Survey says: you may not need as much retirement income

moneyinhandFor people close to retirement who are feeling anxious about having sufficient funds, there’s some good news. A survey by T. Rowe Price of new retirees found that most are doing well, both financially and emotionally, and that retirees are less anxious than those who are approaching retirement. The survey also indicated that the retirees, who had been retired for one to five years, weren’t spending as much as they had expected, but were satisfied with their retired lives nevertheless.

A commonly repeated rule of thumb is that you’ll need 80% of your pre-retirement income after your retire. Participants in this survey, however, had a median net worth of $473,000 and were spending on average 66% of their pre-retirement income. Nonetheless, 57% said they were living as well as or better than before they retired, and 85% indicated they didn’t need to spend as much as they did before they retired to be satisfied. In fact, 65% said they enjoyed not spending as much, and considered it a relief from “keeping up with the Joneses”. While almost half of workers close to retirement expected to reduce their living standard after retirement, only 35% of retirees reported they actually had to change their lifestyle.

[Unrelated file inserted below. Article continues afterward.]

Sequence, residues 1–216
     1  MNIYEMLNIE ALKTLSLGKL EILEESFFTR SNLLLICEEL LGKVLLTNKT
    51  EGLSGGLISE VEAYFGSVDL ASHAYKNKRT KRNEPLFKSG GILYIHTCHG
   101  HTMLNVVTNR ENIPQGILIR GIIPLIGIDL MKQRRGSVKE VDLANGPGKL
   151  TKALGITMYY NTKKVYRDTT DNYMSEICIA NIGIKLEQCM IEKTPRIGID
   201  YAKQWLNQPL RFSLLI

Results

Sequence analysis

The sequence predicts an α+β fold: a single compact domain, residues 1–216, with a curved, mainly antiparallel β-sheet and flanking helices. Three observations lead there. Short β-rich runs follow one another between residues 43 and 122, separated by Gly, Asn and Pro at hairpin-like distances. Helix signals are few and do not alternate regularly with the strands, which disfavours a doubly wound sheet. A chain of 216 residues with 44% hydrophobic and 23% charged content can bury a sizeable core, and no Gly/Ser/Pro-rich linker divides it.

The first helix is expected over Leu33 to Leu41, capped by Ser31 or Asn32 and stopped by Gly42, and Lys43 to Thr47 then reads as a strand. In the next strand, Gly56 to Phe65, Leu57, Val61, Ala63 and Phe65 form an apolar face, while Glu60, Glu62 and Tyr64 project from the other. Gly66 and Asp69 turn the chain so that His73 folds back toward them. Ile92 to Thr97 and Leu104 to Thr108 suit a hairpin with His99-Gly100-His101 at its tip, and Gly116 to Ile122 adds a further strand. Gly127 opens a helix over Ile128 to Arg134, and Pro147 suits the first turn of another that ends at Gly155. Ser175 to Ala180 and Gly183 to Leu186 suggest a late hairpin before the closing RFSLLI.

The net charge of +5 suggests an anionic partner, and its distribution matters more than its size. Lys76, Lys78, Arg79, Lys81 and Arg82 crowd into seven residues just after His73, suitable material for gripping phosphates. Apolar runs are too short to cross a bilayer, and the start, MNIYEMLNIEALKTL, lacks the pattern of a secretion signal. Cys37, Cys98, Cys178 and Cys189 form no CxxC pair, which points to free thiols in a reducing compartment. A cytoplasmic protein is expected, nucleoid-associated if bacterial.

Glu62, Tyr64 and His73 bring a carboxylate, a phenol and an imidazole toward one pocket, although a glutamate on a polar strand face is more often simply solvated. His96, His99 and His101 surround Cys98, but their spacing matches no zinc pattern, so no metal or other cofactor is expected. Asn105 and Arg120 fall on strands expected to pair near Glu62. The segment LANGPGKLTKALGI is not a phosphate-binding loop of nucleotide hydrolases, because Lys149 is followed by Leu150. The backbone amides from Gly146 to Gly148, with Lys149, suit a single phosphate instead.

The 80% estimate assumes that you’ll no longer be saving 10% of your income for retirement, and also no longer paying around 10% in Social Security and Medicare taxes. The survey results show that your expenditures may go down even more. For one thing, your kids will likely be out of the house. Estimates are that it costs around $250,000 to raise a child to age 18; college tuition can add $100,000 or more to that. Additionally, many retirees take care of major expenses before they retire, such as paying off the mortgage and making expensive home repairs and renovations.

Although many retirees spend more on leisure, such as travel and dining out, these are discretionary expenses that can be adjusted depending on circumstances. Of the retirees in the survey, 60% said they would adjust their spending level to preserve the value of their savings. Overall, 89% of retirees reported feeling very or somewhat satisfied with retirement so far.

 

 

 

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